Sign-up: Spokane Parks Outdoors Program or (509) 625-6200.

Backcountry skiers find peak experience on Scotchman

WINTER SPORTS — A Saturday trek to the top of Scotchman Peak gave three backcountry skiers a heavenly if not gusty view of Lake Pend Oreille.

Jake Ostman, Jacob Styler and Michael Lucid — along with their canine companions Coco and Mojo — skinned up their skis for the ascent and made great tracks back down through the powder and wind-packed slopes.

Ostman's Facebook page has good photos of the day that hint at why the Friends of the Scotchman Peaks Wilderness are working so hard to protect the area northeast of the lake.

The photos, including the one above, also readily tell backcountry travelers that new snow and high winds have created huge cornices on ridges and avalanche danger on wind-loaded slopes.

Be careful out there.

Nordic trails dazzle at Mount Spokane

WINTER SPORTS — The trails, grooming and skiing conditions simply could not be better than they were Sunday at Mount Spokane's cross-country ski trails.

One more brilliant day in the forecast before grimness returns.


Region’s resorts welcome holiday skiers with powder

WINTER SPORTS — Powder is the word for President's Day Weekend skiers.

Around 2 feet of blower powder piled up and was waiting for skiers today. The full moon is out and everyone is ready to go out and shred!  

For those of you heading off the managed slopes of area resorts, John Olson, Forest Service hydrologist in North Idaho had this reminder:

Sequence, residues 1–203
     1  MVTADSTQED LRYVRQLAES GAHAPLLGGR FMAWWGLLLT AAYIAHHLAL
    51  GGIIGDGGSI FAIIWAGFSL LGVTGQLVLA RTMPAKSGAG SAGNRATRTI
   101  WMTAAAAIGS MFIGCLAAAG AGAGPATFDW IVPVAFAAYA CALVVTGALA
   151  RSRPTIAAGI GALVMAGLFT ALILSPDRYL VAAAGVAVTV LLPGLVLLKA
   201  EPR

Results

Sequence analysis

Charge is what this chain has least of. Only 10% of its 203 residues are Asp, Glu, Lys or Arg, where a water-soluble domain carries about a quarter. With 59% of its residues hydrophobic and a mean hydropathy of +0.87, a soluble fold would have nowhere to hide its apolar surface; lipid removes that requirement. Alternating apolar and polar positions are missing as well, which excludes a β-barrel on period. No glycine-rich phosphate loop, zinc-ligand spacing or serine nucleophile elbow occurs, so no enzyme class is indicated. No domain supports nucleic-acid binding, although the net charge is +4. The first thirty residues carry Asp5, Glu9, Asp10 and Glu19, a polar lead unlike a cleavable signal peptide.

“No matter how much fun you are having, you can still die in an avalanche.”

The weekend avalanche advisory from the Idaho Panhandle Avalanche Center says avalanche danger ranges from MODERATE to HIGH depending on the area.  


Fernie Alpine Resort  reported 9 inches of new powder snow earlier today and it was still snowing.

– 22cm in the last 48hrs and currently snowing close to 5cm an hour of Blower Powder.

Mt. Spokane ski area expansion clears hurdle

STATE PARKS — The Washington State Parks and Recreation Commission today OKed environmental considerations in the conceptual expansion proposals for expanding Mt. Spokane Ski and Snowboard Park.

According to a press release just posted, the commission “issued a Mitigated Determination of Non-Significance under the State Environmental Policy Act (SEPA) for the proposed action.”

 The Commission is expected to consider this proposal at its May 19 meeting in Spokane. 

Comments on the proposal may be submitted through March 16, 2011 to randy.kline@parks.wa.gov

The SEPA determination, checklist, maps, and additional documents related to the proposal have been posted to the State Parks website.

Sky-high skiers to fly at Schweitzer

Outrageous Air Show from Bob Legasa on Vimeo.

OUTDOOR SPECTATING — Here are a few men with skills worth looking up to.